The RC-21 2011 Conference will analyze how globalization and individualization have given rise to new forms of diversity—ethnic, religious, gender, sexual, class and otherwise—, and new deliberations and conflicts over citizenship and belonging in urban settings in both the Global South and North. We want to know how people with diverse backgrounds locate themselves and others in new social hierarchies, how they struggle to create meaningful places, in what ways they develop strategies to belong, and with what consequences. Moreover, we aim to understand better what types of (new) policy responses and forms of governance have developed to manage diversity in urban settings.
The struggle to feel at home can be understood as a response to the process of globalization. On the one hand, there are indications that traditional loyalties evaporate, which seems to hold particularly for those who operate in what Castells has called the ‘space of flows’, for example for people involved in the tier of internationally oriented knowledge workers. On the other hand, there are also indications that traditional or local orientations and loyalties become more significant, and corresponding groups are strengthened. This is especially the case for those people who are, for Castells, in the ‘space of place’, and who often comprise the less privileged groups in society. In this way, globalization goes hand in hand with localization, i.e. a greater stress on the meaning of local traditions and practices. This process of ‘glocalization’ results in new societal cleavages to which new notions of citizenship have been viewed as a possible response. Some of the research questions orienting the meeting are: how do social, political, economic and cultural processes at the international or transnational level influence new forms of diversity and, consequently, new forms of belonging? What type of (new) policy responses and governance forms have developed to manage diversity in urban settings? How can we understand the recent culturalization and emotionalization of citizenship, e.g. by way of rising demands on feelings of loyalty, national or local pride and on the need to ‘feel at home’? How do these homogenizing tendencies relate to the development of transnational citizenship and multiple and hybrid identities?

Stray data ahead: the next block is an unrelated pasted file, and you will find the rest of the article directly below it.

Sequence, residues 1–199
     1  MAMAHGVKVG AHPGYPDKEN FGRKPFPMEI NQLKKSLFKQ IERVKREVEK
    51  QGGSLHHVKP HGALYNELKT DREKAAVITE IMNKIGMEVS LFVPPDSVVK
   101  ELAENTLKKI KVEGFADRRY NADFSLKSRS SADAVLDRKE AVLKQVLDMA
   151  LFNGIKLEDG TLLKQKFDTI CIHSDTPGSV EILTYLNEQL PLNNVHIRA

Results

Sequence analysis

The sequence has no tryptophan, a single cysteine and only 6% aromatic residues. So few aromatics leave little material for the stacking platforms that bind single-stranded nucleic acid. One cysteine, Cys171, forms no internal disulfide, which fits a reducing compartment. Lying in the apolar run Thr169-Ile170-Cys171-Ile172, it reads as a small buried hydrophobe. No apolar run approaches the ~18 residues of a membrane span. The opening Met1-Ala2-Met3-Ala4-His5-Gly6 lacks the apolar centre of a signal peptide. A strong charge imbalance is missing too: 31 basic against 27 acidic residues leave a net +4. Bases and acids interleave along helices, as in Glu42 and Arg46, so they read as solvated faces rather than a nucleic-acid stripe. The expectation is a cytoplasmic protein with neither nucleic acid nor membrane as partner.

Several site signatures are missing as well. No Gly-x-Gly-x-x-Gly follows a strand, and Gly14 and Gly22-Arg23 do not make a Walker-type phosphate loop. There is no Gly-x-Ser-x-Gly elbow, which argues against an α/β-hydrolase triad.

Secondly, the struggle to belong can be understood as a response to individualization. There is considerable debate on the meaning and extent of individualization. Individualization is often understood as a socio-cultural phenomenon: the duty to behave as autonomous and ‘free’ as possible. While individualization processes are rooted in long term historical forces, neoliberal pressures have accelerate these processes by privatizing risk, making individuals financially independent, and requiring people to become calculating citizens. During the conference, we want to discuss how individualization influences identities, chances and tasks for individuals living in urban settings. How do citizens experience these changes? What new duties, rights and communities come into existence in response to (which kind of) individualization? Which emotions does individualization evoke or demand, e.g. joys or pains that come with autonomy and ‘freedom of choice’? What new forms of mutual help and solidarity are created or expected in local communities? How does individualization give rise to new social and political communities and to new notions of publicness?
In sum, the central concern of the 2011 RC-21 annual conference is the ways in which individuals and communities in an urban context respond to the major social processes of globalization and individualization: how do they articulate various forms of diversity and develop inclusive or exclusive strategies to ‘belong’?